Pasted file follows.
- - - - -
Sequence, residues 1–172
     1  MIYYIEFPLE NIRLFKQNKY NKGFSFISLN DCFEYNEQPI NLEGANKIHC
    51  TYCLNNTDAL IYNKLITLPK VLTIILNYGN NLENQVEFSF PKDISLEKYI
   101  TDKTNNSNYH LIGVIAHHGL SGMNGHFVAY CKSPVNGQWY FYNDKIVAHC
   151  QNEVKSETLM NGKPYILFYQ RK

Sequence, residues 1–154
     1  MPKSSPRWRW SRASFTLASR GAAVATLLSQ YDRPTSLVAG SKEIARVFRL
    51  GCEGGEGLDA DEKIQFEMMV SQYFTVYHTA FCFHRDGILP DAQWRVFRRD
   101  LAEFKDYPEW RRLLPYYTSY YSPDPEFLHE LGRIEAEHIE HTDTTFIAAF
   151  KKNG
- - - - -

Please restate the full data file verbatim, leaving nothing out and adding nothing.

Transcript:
Sequence, residues 1–172
     1  MIYYIEFPLE NIRLFKQNKY NKGFSFISLN DCFEYNEQPI NLEGANKIHC
    51  TYCLNNTDAL IYNKLITLPK VLTIILNYGN NLENQVEFSF PKDISLEKYI
   101  TDKTNNSNYH LIGVIAHHGL SGMNGHFVAY CKSPVNGQWY FYNDKIVAHC
   151  QNEVKSETLM NGKPYILFYQ RK

Sequence, residues 1–154
     1  MPKSSPRWRW SRASFTLASR GAAVATLLSQ YDRPTSLVAG SKEIARVFRL
    51  GCEGGEGLDA DEKIQFEMMV SQYFTVYHTA FCFHRDGILP DAQWRVFRRD
   101  LAEFKDYPEW RRLLPYYTSY YSPDPEFLHE LGRIEAEHIE HTDTTFIAAF
   151  KKNG